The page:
Aereo's Supreme Court defeat stirred memories of Napster and Grokster, startups that faced media giants in court -- and lost. These are their lessons for the aftermath.
Telefonica Digital picks the music industry's original digital disrupter -- now a by-the-books subscription service -- as its favored streaming music provider, and it could take a stake in Rhapsody.
The cloud computing company taps the Academy Award-winning actor to promote its new suite of enterprise tools for the retail, health care, and media industries.
The chipmaker's platform to wirelessly stream music from mobile apps will be integrated into Monster's SoundStage speakers and Fon's Gramofon music-streaming box.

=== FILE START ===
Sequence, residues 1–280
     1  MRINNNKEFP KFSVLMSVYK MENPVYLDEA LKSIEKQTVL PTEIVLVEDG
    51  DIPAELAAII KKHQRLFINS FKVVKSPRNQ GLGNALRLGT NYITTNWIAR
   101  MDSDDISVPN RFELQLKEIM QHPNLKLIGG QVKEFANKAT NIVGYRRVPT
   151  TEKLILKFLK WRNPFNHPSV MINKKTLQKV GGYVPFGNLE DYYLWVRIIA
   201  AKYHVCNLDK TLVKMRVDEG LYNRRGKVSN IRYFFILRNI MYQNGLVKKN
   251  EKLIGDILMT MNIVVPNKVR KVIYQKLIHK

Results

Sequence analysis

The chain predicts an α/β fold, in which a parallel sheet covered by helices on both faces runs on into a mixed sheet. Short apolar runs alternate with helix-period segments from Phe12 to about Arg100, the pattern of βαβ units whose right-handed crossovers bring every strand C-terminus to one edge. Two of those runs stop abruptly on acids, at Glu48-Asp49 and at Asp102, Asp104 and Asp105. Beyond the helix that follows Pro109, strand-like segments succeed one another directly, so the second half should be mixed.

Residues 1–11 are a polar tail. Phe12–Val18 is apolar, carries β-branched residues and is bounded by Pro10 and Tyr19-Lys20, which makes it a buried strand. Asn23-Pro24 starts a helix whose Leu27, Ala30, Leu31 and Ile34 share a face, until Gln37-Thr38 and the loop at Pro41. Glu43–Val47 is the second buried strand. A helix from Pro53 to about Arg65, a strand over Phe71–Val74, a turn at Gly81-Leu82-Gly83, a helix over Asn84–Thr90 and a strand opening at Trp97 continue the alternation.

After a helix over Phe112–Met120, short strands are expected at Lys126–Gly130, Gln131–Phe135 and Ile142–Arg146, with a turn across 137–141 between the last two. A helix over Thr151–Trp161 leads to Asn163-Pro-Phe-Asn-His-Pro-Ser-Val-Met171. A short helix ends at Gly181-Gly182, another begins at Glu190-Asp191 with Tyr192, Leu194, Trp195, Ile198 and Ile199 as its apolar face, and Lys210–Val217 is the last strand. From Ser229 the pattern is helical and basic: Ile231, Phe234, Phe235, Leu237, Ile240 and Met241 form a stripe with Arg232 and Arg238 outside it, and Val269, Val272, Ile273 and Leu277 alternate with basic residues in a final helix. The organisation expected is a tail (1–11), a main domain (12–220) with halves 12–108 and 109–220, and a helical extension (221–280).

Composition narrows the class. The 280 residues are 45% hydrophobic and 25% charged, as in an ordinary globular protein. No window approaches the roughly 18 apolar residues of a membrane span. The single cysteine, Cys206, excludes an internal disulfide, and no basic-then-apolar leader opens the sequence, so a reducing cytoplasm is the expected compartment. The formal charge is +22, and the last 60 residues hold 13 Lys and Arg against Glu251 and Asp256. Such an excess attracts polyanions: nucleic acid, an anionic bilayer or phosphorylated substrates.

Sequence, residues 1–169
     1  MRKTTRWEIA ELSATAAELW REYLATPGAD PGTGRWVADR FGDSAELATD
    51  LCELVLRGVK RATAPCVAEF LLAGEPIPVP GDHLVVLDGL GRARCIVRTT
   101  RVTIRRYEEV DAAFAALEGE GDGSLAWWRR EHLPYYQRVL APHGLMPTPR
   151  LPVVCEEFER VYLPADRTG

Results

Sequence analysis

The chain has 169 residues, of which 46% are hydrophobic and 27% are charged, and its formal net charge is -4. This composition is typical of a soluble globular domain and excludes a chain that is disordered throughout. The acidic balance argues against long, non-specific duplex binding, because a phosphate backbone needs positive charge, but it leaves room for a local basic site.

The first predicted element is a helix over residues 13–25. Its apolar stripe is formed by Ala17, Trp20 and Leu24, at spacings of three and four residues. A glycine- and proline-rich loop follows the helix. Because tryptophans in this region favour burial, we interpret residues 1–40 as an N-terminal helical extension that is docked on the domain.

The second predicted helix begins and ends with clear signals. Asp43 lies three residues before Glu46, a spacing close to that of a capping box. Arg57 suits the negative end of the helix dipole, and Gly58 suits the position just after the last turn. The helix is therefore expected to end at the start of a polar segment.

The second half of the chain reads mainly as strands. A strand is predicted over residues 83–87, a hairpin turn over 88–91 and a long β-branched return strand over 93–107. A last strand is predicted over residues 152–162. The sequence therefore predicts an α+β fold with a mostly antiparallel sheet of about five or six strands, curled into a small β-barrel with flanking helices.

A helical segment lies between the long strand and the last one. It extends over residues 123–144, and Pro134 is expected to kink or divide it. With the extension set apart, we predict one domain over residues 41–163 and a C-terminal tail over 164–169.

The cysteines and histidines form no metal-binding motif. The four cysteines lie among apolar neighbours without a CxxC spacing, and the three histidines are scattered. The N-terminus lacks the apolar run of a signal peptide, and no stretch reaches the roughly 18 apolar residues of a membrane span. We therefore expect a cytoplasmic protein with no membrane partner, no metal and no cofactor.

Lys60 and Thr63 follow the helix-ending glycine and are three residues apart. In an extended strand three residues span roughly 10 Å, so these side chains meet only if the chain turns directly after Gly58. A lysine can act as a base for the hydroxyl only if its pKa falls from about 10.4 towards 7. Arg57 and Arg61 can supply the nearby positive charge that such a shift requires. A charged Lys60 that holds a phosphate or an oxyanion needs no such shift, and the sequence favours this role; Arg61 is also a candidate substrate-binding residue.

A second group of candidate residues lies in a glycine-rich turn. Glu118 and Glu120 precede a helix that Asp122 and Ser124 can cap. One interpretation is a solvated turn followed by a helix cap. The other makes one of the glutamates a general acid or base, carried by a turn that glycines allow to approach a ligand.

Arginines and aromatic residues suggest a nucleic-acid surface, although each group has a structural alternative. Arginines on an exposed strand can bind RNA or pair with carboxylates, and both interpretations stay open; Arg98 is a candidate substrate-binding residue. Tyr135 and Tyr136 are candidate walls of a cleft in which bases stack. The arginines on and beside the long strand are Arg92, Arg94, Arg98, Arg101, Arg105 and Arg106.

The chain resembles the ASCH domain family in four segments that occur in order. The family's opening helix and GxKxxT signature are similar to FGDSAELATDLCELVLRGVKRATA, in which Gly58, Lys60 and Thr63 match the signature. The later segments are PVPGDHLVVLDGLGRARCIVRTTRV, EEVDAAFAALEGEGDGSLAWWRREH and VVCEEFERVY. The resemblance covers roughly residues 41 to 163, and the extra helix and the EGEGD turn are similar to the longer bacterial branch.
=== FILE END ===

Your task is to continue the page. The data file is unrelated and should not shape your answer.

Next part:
LG's Music Flow speakers and sound bar connect with an app that can be controlled by an IM app, for no earthly reason.
The pioneer in subscription streaming music hits a subscriber milestone six weeks after teaming up with T-Mobile on a discounted service, a model Rhapsody will move to France.
The US Copyright Office says the online-TV startup doesn't qualify -- yet -- for a content license that would let it restart streaming.
In this edition of Ask Maggie, CNET's Marguerite Reardon explains why the Supreme Court's Aereo decision was bad for those who've ditched traditional TV service.
The streaming-TV startup's new legal tack embraces the ruling against it, arguing that the decision means Aereo deserves the same copyright license cable companies get.
After buying the erstwhile pirate-music kingpin in 2011, Rhapsody International takes first major step with Napster and pushes it beyond U.K. and Germany to 14 new European countries